250 <root@bigco.com> OK
    354 Enter mail, end with "." on a line by itself
    This is a test.
    250 Mail accepted
    221 Closing connection
    Connection closed by foreign host.
  12. Check to see if the mail has, in fact, been put into the /var/spool/smap directory (or whichever directory you specified.)

  13. Install smapd in /usr/local/etc/smapd or another suitable directory.

  14. Start smapd by hand and see if the mail is delivered.

  15. Modify your system's start-up files so that smapd is run automatically at system start up.

22.2.4 Possible Drawbacks

There are some drawbacks to using the smap program as described earlier. The first is that people who are contacting your site on TCP port 25 will no longer be able to execute the VRFY or EXPN SMTP commands that are supported by regular sendmail. (Actually, they will be able to execute them, but nothing useful will be returned.) These commands allow a remote client to verify that an address is local to a machine (VRFY) and to expand an alias (EXPN). Arguably, these are possible security risks, but in some environments they are useful (as we illustrate in Chapter 24, Discovering a Break-in).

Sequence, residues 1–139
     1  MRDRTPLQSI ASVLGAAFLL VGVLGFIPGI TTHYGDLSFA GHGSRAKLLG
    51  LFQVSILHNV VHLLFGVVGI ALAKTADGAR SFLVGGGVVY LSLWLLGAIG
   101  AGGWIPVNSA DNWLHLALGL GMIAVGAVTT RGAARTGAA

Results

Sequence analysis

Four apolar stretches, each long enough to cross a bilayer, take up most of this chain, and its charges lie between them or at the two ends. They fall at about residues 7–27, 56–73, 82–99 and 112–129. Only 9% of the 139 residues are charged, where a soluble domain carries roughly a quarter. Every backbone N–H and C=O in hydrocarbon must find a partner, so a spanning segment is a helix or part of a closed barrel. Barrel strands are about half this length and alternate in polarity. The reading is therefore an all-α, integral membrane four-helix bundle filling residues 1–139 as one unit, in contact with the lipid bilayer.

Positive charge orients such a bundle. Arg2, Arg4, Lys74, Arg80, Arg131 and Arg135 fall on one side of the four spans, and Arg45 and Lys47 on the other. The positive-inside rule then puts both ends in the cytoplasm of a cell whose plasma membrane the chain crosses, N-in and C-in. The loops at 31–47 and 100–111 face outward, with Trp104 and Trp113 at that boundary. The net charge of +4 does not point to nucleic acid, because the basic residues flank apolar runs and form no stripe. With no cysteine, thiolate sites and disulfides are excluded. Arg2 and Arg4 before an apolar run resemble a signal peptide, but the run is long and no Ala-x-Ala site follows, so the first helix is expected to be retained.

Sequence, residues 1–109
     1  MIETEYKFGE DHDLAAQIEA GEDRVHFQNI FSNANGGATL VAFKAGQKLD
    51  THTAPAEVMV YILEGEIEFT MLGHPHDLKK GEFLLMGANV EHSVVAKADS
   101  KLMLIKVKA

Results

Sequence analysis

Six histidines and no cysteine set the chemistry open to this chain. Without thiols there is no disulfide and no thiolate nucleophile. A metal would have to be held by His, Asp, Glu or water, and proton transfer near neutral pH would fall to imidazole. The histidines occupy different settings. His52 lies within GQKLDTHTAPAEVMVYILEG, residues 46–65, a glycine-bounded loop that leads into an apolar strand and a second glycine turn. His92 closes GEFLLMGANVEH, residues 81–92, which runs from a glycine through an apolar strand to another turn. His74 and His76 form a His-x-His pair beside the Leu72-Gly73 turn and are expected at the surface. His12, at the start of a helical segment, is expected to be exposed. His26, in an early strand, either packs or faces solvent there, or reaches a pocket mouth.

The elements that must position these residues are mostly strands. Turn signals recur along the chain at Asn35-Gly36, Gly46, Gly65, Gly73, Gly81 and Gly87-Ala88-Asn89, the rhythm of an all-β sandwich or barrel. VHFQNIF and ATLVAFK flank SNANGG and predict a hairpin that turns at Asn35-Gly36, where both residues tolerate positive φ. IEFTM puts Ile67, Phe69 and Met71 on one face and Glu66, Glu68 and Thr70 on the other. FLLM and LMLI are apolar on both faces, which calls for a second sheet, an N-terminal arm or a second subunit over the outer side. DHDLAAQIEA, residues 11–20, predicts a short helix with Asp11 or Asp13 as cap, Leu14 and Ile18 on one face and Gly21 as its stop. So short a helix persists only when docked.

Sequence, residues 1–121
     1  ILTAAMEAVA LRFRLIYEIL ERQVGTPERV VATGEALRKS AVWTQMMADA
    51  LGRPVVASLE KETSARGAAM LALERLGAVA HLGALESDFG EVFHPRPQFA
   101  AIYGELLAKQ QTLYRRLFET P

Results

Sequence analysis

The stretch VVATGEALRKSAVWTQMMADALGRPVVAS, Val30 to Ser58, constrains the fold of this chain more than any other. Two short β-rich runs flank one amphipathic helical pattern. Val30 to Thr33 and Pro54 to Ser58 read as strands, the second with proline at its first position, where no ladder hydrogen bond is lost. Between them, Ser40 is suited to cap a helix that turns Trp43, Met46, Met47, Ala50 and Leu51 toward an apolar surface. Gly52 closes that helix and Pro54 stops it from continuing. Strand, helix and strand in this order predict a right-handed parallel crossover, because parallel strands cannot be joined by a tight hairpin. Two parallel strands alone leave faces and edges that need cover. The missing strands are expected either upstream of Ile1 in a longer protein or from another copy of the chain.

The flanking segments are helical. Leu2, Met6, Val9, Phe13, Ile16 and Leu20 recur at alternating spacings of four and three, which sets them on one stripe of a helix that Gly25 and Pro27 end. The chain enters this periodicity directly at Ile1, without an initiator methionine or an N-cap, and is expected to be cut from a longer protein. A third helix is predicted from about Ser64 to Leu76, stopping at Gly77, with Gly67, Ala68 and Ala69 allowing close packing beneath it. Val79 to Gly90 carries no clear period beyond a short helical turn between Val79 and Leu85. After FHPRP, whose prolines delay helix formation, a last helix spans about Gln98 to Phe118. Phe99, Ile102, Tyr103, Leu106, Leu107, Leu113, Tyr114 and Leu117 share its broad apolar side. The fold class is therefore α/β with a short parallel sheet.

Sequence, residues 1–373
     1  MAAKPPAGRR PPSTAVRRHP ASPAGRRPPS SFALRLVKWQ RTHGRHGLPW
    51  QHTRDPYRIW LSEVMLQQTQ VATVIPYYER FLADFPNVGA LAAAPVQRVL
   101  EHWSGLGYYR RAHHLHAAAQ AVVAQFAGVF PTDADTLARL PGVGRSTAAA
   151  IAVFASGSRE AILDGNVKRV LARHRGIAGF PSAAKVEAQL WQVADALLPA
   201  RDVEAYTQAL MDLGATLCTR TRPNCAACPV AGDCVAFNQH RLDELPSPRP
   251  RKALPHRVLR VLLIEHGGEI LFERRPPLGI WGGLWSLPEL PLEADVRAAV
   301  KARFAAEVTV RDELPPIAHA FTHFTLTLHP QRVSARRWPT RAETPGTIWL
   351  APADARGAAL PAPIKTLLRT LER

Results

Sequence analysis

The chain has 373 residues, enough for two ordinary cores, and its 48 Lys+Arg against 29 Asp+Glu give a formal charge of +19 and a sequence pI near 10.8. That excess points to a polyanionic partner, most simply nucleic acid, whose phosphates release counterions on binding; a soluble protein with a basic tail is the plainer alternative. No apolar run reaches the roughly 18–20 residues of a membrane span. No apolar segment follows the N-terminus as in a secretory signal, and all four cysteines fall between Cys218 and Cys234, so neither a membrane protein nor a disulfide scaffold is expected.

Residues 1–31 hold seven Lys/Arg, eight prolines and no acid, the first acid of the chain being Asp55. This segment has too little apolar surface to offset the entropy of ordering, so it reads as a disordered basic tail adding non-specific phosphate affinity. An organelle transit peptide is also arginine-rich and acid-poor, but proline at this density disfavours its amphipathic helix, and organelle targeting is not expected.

A more serious shortcoming is that versions of sendmail with built-in support for the ident protocol will no longer be able to obtain information about the sending user. The use of the ident protocol is discussed in the sidebar "Using identd".

If using ident makes sense in your environment, you won't be able to use it with smap unless you spawn smap from another wrapper that implements ident, such as the tcpwrapper program, which is described in the next section.

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22.1 Why Wrappers?Book Index22.3 tcpwrapper